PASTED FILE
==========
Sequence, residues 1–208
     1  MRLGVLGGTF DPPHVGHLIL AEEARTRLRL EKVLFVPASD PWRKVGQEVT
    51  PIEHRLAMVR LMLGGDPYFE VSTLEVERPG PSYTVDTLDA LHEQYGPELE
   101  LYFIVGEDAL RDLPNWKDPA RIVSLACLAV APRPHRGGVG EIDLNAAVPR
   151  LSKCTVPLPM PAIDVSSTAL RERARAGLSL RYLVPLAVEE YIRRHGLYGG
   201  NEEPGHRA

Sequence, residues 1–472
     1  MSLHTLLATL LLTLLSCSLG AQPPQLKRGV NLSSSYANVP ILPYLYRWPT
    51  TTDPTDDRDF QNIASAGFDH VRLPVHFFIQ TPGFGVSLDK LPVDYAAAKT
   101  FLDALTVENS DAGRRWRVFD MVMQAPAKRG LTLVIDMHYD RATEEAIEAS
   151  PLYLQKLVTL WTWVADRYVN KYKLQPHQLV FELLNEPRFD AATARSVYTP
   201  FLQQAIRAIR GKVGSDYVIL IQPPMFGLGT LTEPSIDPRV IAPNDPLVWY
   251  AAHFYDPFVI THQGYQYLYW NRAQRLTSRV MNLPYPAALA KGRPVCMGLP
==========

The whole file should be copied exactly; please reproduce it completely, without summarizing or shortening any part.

Sequence, residues 1–208
     1  MRLGVLGGTF DPPHVGHLIL AEEARTRLRL EKVLFVPASD PWRKVGQEVT
    51  PIEHRLAMVR LMLGGDPYFE VSTLEVERPG PSYTVDTLDA LHEQYGPELE
   101  LYFIVGEDAL RDLPNWKDPA RIVSLACLAV APRPHRGGVG EIDLNAAVPR
   151  LSKCTVPLPM PAIDVSSTAL RERARAGLSL RYLVPLAVEE YIRRHGLYGG
   201  NEEPGHRA

Sequence, residues 1–472
     1  MSLHTLLATL LLTLLSCSLG AQPPQLKRGV NLSSSYANVP ILPYLYRWPT
    51  TTDPTDDRDF QNIASAGFDH VRLPVHFFIQ TPGFGVSLDK LPVDYAAAKT
   101  FLDALTVENS DAGRRWRVFD MVMQAPAKRG LTLVIDMHYD RATEEAIEAS
   151  PLYLQKLVTL WTWVADRYVN KYKLQPHQLV FELLNEPRFD AATARSVYTP
   201  FLQQAIRAIR GKVGSDYVIL IQPPMFGLGT LTEPSIDPRV IAPNDPLVWY
   251  AAHFYDPFVI THQGYQYLYW NRAQRLTSRV MNLPYPAALA KGRPVCMGLP